L14 NPB 101 - Lecture 14 •  SmartSite: – ...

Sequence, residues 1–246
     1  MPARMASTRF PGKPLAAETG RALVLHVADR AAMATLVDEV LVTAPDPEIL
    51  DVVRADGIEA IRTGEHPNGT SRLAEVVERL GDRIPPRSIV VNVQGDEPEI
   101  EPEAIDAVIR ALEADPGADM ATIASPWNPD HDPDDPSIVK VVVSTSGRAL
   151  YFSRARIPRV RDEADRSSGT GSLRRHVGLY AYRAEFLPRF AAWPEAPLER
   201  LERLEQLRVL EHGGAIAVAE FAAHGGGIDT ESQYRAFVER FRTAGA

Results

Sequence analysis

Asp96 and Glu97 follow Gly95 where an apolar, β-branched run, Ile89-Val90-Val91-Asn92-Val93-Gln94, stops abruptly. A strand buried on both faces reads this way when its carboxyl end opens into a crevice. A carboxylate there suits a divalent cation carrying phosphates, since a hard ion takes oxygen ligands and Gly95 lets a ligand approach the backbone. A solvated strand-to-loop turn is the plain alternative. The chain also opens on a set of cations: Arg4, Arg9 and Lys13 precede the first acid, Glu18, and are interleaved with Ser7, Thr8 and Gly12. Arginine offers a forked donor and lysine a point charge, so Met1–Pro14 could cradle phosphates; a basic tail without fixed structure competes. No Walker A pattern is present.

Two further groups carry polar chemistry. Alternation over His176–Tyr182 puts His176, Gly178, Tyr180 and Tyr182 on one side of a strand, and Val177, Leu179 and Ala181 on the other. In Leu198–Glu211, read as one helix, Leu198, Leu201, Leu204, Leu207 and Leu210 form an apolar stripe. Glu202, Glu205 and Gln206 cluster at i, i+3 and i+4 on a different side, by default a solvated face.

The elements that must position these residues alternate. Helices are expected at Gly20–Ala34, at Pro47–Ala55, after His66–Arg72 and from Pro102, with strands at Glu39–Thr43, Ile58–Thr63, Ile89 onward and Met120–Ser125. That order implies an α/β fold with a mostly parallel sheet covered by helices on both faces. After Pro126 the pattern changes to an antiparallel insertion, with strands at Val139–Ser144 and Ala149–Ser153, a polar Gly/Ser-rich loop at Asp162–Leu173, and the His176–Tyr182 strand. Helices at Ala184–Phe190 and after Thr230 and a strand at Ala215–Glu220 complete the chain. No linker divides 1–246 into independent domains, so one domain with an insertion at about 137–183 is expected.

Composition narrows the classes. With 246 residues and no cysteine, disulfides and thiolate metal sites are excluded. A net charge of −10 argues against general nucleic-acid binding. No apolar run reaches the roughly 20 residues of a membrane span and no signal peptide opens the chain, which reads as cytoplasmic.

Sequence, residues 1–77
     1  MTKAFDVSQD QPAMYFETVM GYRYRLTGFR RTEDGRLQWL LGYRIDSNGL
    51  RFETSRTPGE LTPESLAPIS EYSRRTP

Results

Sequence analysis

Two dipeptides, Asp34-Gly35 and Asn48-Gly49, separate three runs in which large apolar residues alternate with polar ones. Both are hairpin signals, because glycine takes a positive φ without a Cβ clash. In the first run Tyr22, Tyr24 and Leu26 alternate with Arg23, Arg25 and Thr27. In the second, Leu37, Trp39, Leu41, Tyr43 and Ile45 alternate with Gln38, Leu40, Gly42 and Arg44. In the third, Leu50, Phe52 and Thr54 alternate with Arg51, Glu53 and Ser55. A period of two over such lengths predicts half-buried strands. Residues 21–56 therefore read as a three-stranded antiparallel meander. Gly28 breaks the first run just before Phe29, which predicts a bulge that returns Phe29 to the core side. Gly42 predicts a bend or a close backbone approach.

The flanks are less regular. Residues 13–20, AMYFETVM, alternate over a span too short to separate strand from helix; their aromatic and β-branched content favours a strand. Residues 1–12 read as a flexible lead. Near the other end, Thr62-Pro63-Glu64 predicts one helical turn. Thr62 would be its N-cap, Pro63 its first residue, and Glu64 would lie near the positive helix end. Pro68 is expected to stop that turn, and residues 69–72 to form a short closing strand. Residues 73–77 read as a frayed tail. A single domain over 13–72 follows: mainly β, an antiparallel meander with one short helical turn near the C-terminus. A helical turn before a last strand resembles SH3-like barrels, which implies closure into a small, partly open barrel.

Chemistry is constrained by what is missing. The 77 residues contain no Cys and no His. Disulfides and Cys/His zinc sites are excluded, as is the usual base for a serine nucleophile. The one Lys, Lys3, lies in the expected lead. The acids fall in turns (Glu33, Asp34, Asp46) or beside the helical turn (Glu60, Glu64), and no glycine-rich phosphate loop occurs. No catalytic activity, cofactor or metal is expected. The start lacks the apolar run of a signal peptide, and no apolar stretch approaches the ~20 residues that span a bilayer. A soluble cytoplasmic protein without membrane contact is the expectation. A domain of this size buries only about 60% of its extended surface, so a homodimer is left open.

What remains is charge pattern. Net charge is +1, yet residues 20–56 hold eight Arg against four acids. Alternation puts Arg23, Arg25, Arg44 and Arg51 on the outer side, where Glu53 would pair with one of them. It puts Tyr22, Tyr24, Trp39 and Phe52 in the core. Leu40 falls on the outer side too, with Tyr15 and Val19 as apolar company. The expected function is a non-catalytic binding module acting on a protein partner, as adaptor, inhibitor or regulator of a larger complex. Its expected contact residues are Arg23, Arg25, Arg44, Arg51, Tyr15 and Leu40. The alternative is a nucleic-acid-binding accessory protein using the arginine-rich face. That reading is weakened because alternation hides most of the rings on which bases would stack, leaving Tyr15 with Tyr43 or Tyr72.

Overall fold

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Unformatted text preview: Lecture 14 •  SmartSite: –  Lecture 14 Notes •  Review –  Motor Control I •  Announcements: –  None •  Motor Control II •  Reading (Recommended): –  Relevant por<ons of Chapters 5 & 8 1 REV: Motor Control I •  Soma<c efferent division of PNS consists of •  Motor output can range from simple reflex to complex movement •  A reflex is a stereotyped response to a fixed s<mulus •  Elements of a reflex: –  Simplest reflex is stretch reflex, we discussed others –  sensor, afferent path, integra<on, efferent path, effector –  Muscle spindle –  Golgi tendon organ (GTO) –  Joint receptor –  axons of motor neurons from spinal cord or brain stem and to skeletal muscle •  Skeletal muscle regula<on uses 3 kinds of receptors: •  Muscle spindle contains both: –  afferent receptors to sense muscle length (stretch) –  efferent fibers (γ ­motor neuron) to maintain sensi<vity 2 Locomo<on •  Rhythmic contrac<on of flexor ­extensor muscle pairs produced at the level of the spinal cord •  Generator ac<vity modified by the brain stem –  Locomotor command center (LMC) LMC –  Locomotor paXern generators (LPG) LPG LeY Leg Right Leg 3 Motor Efferent •  CNS Motor efferents subserve three func<ons: –  Ini<a<on of movement –  Adjustment of posture (level extensor excita<on) –  Coordina<on of muscles •  Upper motor neurons distributed in 2 pathways: •  Lower motor neurons of PNS –  Alpha (α) motor neurons –  Gamma (γ) motor neurons –  Pyramidal fibers from motor cortex to spinal cord –  Extrapyramidal fibers from motor cortex to brainstem to spinal cord 4 Motor System Regula<on •  Feedback regula<on •  Components of CNS –  Spinal Cord –  Brain Stem –  Basal Ganglia –  Thalamus –  Cerebellum –  Cortex (motor, premotor, supplemental) 5 Nega<ve Feedback Regula<on Set Point Controller (CNS) Error Signal Controlled System (Muscle) Nega<ve Feedback Sensor (Muscle spindle) (GTO) (Joint Receptor) Regulated Variables (Length) (Tension) (Posi<on) 6 Primary Motor Cortex •  Control of fine / voluntary movement •  Anatomy –  Located next to and anterior to (in front of) sensory cortex –  Somatotopically organized –  6 cell layer structure –  Two descending pathways (pyramidal & extrapyramidal) –  Linked to somatosensory cortex (feedback) –  Planning (Set Point) 7 Motor Cortex •  Primary Motor Cortex –  Located anterior of the central sulcus of each hemisphere –  Contains a Motor Homunculus –  Coordina<on and planning of complex motor movements •  Addi<onal Motor Cortex Fig. 5 ­9a, pg. 147; Fig. 5 ­10c, pg. 148 8 The Corticospinal Tracts •  Neurons project from the primary motor cortex •  The axons project down through the ipsilateral (same) side of the CNS •  The fibers cross over in different regions –  In the medulla –  In the spinal cord •  The fibers then synapse upon their contralateral (opposite) side targets Fig. 5 ­28b, pg. 175 9 Cerebellum •  Planning & coordina<on of skilled voluntary movement •  Maintenance of balance & posture •  Enhancement of muscle tone •  Many inputs –  Cortex, somatosensory, muscle, visual, auditory, ves<bular –  Receives feedback •  Coordinate, smooth & predict movement •  Pathology (rough, jerky, uncoordinated movements) –  Inten<on tremors –  Overshoot –  Movement decomposi<on 10 Cerebellum SET POINT (Planned Movement) ERROR SIGNAL CONTROLLER SENSORY INFORMATION FEEDBACK Fig. 5 ­19b, pg. 166 11 Basal Ganglia •  Ganglia located in white maXer of brain –  Putamen –  Caudate –  Globus pallidus •  Func<on –  Planning of movement  ­ select/maintain purposeful movement –  Inhibi<on of muscle tone –  Coordina<on of slow sustained movements –  Posture – monitor & coordinate slow/sustained motor ac<vity •  Suppress unwanted movements •  Caudate & Putamen receive input from: –  Cortex –  Thalamus –  Substan<a Nigra (Dopamine; loss of which causes Parkinsons) 12 Basal Ganglia & Thalamus Fig. 5 ­14a, pg. 154 13 Basal Ganglia •  Globus pallidus provides output to: –  Cortex via thalamus –  Modula<on of descending motor signals –  Substan<a nigra –  Res<ng tremor –  Rigidity (increased tone) –  Poverty of movement –  Dyskinesias •  hard to ini<ate •  spontaneous repeated inappropriate movements 14 •  Pathology Thalamus •  •  •  •  Sensory relay ganglia to the cortex Sensory Filter Preliminary synap<c integra<on Posi<ve reinforcement of voluntary motor control 15 Cerebellum vs. Basal Ganglia •  Similari<es –  Monitor and adjust motor ac<vity commands from cortex –  No direct synapses on lower motor neurons –  Subconscious coordina<on of voluntary motor ac<vity •  Differences –  Cerebellum: maintains balance, coordinates smooth fast motor ac<vity, increases muscle tone •  acts as the controller in the motor program feedback pathway –  Basal Ganglia: maintains posture & support (tension), coordinates slow motor ac<vity, inhibits muscle tone •  acts as set point in the motor program feedback pathway 16 Brain Stem •  Oldest region of the brain •  Con<nuous with spinal cord •  All incoming and outgoing fibers traversing between periphery and higher brain centers must pass Brain Stem •  Regula<on of muscle reflexes involved in posture and equilibrium •  Regula<on and integra<on of synap<c input from Spinal Cord Fig. 5 ­19a, pg. 166 17 Summary of Motor Control Fig. 8 ­23, pg. 286 18 ...
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